The Hand Rolled Cigars of La Palma: Cigars to Rival Cuba's, but at a Fraction of the Price

 

Famous Cigar Smokers

On the Spanish Canary Island of La Palma near Africa, the local men will tell anyone who’s willing to listen that their hand rolled cigars are as good as those from Cuba. Local pureros (cigar makers) insist that Fidel Castro himself admitted as much, but clearly didn’t broadcast the fact, and that La Palma’s cigars were favourites of the British bulldog, Sir Winston Churchill.

Whether these claims are accurate, who knows? But what is fact is that wooden boxes filled with dozens of submarine shaped cigars lie in sepia toned warehouses waiting to be exported to the Spanish Royal Household and to the homes of some of the Spain’s former Prime Ministers.

History of Cigar Making on La Palma

There’s been a relationship between the Canary Islands and Cuba and other Latin and South American countries dating back centuries; to the discovery of the New World in fact. The establishment of La Palma’s cigar industry came about as a result of emigrants returning to La Palma from Cuba with riches and new found knowledge. La Palma’s sub-tropical climate and lush gentle slopes proved ideal for the cultivation of tobacco leaf .

Hand Rolled Cigars

The way cigars are made in La Palma has hardly changed in decades. Rows of men and women sit at long wooden benches in factories which look as though they’ve been transported from 1950s downtown Havana. In front of them are piles of rich brown tobacco leaf, clenched between their teeth is a puro (cigar). They grab a handful of leaves, dampen their fingers and in moments a perfect looking cigar is created. Despite urban myths, there are no thighs involved and considering the grizzled appearance of some of the pureros, that is no bad thing.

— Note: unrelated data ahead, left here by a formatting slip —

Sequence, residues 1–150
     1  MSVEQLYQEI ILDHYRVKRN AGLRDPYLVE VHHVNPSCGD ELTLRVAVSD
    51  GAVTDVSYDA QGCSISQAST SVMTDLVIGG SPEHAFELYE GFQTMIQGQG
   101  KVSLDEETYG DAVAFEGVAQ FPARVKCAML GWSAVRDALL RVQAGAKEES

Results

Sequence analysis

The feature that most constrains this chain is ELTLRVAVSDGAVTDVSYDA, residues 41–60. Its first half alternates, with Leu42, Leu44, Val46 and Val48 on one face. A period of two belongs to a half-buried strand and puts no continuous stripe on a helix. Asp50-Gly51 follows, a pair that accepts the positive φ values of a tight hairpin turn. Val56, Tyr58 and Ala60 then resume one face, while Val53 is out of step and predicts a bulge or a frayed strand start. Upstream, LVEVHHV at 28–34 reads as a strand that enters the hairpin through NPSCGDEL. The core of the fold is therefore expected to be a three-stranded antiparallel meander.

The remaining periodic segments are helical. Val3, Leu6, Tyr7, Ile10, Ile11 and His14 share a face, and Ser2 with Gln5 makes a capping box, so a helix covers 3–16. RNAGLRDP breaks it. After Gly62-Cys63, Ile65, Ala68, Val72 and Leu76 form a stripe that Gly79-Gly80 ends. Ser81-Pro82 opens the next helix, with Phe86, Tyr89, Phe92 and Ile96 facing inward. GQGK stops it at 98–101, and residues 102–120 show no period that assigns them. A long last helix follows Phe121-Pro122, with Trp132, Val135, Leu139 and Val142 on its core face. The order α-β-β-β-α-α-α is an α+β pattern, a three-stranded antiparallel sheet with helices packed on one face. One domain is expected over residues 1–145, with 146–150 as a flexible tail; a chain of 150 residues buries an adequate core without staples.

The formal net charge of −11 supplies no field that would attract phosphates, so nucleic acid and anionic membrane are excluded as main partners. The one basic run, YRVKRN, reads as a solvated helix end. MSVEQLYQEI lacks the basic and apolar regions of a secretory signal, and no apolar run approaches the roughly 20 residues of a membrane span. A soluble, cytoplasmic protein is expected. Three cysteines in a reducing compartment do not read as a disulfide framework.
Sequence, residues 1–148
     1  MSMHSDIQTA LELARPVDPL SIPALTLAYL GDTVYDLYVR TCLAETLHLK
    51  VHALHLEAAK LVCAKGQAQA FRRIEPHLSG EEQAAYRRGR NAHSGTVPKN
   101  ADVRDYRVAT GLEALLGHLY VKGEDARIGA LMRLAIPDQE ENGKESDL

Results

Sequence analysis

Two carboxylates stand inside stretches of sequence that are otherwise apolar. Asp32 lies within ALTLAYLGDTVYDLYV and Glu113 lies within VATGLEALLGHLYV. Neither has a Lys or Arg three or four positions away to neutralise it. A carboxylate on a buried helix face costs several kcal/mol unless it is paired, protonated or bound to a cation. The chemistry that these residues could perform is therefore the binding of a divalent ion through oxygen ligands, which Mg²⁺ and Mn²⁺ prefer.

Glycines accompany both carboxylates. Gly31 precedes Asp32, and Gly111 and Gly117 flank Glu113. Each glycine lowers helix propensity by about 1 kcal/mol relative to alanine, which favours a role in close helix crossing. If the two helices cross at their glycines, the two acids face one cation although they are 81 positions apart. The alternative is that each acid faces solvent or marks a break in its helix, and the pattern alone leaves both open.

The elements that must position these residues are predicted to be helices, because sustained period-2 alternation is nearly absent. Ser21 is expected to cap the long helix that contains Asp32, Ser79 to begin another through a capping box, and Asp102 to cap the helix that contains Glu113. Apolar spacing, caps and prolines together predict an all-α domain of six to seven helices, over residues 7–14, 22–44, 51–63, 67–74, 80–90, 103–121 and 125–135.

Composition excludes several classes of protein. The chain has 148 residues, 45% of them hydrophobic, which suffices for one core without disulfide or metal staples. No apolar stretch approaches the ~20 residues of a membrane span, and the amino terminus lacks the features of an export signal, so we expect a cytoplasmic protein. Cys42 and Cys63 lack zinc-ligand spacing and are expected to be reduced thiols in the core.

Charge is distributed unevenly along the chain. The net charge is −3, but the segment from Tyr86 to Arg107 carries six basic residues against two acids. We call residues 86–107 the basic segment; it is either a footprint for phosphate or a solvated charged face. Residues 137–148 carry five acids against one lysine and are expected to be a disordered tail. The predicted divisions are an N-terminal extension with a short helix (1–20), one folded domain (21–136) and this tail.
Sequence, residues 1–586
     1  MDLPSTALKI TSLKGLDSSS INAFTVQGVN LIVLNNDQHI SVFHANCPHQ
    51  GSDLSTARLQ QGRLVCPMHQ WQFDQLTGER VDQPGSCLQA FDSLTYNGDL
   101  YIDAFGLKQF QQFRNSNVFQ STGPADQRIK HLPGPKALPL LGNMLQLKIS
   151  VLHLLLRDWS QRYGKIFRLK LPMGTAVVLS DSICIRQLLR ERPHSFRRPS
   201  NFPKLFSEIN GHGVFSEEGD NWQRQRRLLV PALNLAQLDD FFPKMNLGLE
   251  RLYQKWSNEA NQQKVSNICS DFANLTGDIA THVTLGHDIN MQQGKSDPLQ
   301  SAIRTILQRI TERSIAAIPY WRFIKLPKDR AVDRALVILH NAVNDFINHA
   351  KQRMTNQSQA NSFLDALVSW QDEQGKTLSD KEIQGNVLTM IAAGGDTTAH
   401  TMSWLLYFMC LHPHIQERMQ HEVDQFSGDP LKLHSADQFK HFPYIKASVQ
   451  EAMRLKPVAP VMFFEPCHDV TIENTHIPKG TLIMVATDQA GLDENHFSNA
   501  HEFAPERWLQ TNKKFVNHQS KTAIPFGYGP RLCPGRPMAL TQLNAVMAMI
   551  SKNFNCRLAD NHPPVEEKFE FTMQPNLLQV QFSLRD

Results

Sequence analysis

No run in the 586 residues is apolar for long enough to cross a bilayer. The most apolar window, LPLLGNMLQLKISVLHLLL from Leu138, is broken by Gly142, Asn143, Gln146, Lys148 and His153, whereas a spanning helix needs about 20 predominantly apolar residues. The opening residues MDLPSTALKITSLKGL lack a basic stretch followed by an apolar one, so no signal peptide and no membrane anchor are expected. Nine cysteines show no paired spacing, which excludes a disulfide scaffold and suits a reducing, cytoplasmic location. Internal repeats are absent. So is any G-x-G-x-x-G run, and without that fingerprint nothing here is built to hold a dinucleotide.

Quality Cigars at a Low Price

Whereas the reputation which Cuban cigars have gained over the years has bumped up their price and pushed them into the luxury category, the cost of La Palma’s cigars has benefited from their relative obscurity. They’re far cheaper than their Cuban counterparts, which is why every other man walking the streets of La Palma’s capital, Santa Cruz de La Palma can afford to have one permanently between his lips.

How to Smoke a Cigar

There isn’t just an art to rolling cigars, there’s also an art to smoking them properly. In order to enjoy their subtle mix of flavours to the full, follow these guidelines to experience a really satisfying smoke.

  • Cigars should never be left in the mouth while they're being lit.
  • Using a fuel lighter to light the cigar is a serious no-no, the lighter’s fumes can affect the cigar’s flavour. Matches are preferrable.
  • It’s important to blow through the cigar before taking the first draw. This gets rid of any unwanted flavours picked up during lighting (see above).
  • Smoke should be drawn into the mouth, but not inhaled. After a few seconds it should be slowly released.
  • Leave at least a minute between draws.
  • Cigars should NEVER be left in the mouth for longer than three minutes. The cigar can become soggy and lose its flavour.

Clearly this last rule is pretty much ignored by the men in La Palma, who never ever seem to remove their cigars from their mouths.